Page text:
Middle East Respiratory Syndrome coronavirus (MERS-CoV) – Saudi Arabia
Between 1 and 5 September 2015, the National IHR Focal Point for the Kingdom of Saudi Arabia notified WHO of 25 additional cases of Middle East respiratory syndrome coronavirus (MERS-CoV) infection. Ten (10) of these reported cases are associated with a MERS-CoV outbreak currently occurring in a hospital in Riyadh city.
Salmonella Outbreak – USA
A cucumber recall linked to a fatal case of salmonella includes products shipped to 22 states, including New Jersey.
The recalled cucumbers, grown in Mexico and distributed by Andrew & Williamson Fresh Produce, have sickened 285 people in 27 states, including a woman in California who died from the illness, according to the California Department of Public Health.
Ebola – West Africa
Though several of the West African countries most impacted by the worst Ebola outbreak in history have declared themselves free of the devastating virus, experts say the fight against it overall is far from over.
“This virus and this outbreak in particular has a nasty sting in the tail,” the World Health Organization’s lead on Ebola response Bruce Aylward said, according to Reuters. “It’s not finished, by a long shot.”
Aylward led a new study to be published in the New England Journal of Medicine that still found traces of the virus in semen after six months in half of men considered to be Ebola survivors — three months longer than the virus was previously thought to remain in survivors’ systems.
One country that has seen several new cases of Ebola recently is Sierra Leone.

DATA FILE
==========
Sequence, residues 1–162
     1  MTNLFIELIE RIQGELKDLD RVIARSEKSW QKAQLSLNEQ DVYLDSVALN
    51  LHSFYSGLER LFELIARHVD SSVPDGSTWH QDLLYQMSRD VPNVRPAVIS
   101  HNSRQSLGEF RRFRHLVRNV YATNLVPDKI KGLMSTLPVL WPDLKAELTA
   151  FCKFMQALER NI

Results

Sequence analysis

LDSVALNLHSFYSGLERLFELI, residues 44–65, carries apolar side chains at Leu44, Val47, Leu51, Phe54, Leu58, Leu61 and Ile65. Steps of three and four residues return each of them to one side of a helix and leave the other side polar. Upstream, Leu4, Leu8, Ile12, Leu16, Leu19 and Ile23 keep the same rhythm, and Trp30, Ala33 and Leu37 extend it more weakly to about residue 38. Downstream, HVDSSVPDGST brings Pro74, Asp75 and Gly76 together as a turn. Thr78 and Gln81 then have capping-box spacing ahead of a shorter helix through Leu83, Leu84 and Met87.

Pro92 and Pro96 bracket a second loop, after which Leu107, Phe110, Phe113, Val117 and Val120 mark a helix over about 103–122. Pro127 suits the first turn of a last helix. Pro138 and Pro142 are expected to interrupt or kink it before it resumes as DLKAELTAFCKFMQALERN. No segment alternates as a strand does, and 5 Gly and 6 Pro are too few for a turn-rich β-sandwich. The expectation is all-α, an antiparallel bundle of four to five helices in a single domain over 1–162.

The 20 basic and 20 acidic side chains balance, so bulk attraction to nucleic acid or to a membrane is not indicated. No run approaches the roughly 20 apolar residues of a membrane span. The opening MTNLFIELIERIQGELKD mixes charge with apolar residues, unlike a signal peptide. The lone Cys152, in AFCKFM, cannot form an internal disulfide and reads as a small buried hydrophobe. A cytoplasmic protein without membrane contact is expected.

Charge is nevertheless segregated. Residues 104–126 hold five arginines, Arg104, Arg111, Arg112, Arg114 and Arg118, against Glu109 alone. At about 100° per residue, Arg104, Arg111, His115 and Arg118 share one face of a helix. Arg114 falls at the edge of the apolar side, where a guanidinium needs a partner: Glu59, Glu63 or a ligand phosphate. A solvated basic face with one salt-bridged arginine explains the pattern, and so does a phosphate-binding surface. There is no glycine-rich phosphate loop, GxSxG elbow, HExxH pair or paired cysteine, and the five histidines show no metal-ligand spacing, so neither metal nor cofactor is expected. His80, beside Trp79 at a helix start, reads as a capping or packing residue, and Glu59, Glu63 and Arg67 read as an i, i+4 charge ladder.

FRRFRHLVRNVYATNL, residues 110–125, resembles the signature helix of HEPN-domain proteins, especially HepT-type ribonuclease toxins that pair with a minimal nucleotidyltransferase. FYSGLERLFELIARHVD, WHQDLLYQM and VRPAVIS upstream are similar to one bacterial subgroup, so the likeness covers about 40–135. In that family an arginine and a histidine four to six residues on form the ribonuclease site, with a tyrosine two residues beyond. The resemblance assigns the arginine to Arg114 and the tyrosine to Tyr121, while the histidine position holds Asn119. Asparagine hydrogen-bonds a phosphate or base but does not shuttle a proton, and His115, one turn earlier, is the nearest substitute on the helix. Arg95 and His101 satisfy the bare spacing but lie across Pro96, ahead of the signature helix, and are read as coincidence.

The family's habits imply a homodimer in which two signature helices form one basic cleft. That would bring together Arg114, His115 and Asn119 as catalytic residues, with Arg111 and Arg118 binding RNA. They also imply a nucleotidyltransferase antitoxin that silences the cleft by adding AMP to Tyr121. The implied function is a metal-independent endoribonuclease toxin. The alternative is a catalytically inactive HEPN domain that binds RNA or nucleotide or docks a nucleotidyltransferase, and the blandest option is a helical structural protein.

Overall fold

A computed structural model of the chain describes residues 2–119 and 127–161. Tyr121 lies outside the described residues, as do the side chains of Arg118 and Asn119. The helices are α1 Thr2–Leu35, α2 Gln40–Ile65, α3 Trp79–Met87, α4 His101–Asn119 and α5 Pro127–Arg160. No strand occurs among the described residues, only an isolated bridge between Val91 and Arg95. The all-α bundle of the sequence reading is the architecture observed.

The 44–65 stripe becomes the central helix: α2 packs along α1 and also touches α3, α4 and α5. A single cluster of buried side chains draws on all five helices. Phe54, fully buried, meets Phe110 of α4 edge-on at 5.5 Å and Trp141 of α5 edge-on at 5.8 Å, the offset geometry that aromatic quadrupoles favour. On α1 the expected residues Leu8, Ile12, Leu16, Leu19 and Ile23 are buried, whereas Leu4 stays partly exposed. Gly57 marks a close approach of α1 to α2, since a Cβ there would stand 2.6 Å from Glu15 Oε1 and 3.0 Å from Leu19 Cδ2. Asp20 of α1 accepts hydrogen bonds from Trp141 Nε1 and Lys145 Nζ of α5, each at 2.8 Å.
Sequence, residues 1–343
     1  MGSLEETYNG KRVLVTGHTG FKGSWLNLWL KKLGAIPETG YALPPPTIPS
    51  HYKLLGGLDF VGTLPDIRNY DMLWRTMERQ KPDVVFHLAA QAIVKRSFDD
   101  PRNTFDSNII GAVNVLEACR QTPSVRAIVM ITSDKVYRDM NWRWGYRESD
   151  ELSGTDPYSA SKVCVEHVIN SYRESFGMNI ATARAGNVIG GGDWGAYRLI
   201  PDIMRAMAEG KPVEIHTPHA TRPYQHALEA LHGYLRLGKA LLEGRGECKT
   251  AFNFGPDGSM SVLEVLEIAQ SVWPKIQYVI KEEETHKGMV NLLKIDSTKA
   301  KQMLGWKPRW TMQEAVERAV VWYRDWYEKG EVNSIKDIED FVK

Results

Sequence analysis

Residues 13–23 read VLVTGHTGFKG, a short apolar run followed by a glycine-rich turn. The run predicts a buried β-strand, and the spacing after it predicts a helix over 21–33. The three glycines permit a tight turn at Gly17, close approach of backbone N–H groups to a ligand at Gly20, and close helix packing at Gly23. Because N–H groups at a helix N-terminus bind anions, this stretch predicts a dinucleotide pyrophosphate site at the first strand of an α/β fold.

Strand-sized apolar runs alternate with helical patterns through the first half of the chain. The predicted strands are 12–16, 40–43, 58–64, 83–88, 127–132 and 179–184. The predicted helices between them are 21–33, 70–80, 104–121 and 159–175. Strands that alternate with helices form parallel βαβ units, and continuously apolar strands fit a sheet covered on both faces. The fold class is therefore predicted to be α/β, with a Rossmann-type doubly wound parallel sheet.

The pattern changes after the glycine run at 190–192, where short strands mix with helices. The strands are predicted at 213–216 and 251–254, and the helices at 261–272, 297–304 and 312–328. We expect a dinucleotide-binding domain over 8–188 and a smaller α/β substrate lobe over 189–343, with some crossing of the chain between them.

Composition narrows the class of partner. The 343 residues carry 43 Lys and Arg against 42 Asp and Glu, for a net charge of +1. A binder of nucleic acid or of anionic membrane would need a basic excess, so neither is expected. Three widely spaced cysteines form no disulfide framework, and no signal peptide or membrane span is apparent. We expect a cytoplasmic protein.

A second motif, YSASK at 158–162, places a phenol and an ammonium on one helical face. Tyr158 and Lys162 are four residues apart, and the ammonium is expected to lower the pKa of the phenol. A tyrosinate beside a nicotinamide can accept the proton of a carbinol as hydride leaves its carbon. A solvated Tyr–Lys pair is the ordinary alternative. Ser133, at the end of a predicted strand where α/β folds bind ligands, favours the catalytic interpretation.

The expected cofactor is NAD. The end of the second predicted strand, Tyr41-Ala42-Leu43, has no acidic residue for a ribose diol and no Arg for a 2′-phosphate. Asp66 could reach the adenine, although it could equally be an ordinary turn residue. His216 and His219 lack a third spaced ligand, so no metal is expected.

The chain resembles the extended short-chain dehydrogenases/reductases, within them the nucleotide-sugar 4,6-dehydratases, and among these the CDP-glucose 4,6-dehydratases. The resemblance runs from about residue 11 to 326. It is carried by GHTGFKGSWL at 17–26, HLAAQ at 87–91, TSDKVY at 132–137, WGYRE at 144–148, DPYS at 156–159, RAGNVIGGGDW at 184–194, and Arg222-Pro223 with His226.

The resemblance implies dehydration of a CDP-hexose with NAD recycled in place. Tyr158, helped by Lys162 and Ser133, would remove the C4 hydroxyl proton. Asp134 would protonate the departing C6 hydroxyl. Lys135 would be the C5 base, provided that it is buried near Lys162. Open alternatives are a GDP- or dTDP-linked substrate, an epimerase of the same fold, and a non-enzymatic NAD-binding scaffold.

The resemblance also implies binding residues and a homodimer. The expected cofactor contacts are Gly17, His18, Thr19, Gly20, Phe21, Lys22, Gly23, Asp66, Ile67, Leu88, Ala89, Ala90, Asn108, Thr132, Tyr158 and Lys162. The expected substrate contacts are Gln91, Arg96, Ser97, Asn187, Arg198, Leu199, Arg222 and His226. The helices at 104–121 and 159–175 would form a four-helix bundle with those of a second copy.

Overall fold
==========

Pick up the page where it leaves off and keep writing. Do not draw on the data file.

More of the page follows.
The WHO declared Liberia Ebola-free for a second time earlier this month after the country hardest hit by the deadly virus saw a brief resurgence of cases not long after the first time it thought the disease was gone for good. It’s now within a 90-day surveillance period.
Global Warming – Potential for Disease Outbreaks
Scientists have discovered a 30,000-year-old Frankenvirus in the frozen Siberian wastelands. They fear the dangerous virus, known as Mollivirus sibericum, could reanimate as global warming melts the ice and snow, releasing the microscopic pathogens into the air to infect humans.
Researcher Jean-Michael Claverie stated that some of the particles they discovered were still considered to be infectious.
Researchers are astounded by the prehistoric viruses they have found over the last 12 years. Each has been much larger and more complex than current viruses. The Mollivirus sibericum has over 500 genes. A virus found in 2003 was found to have more than 2,500 genes. In comparison, the flu virus has only eight genes.
Testing on the Mollivirus sibericum will take place in a safe laboratory, where the virus will not spread outside of the room after it is woken up and testing begins. Researchers are anxious to learn from the Frankenvirus and see what impact it had on prehistoric life and could potentially have on modern day life.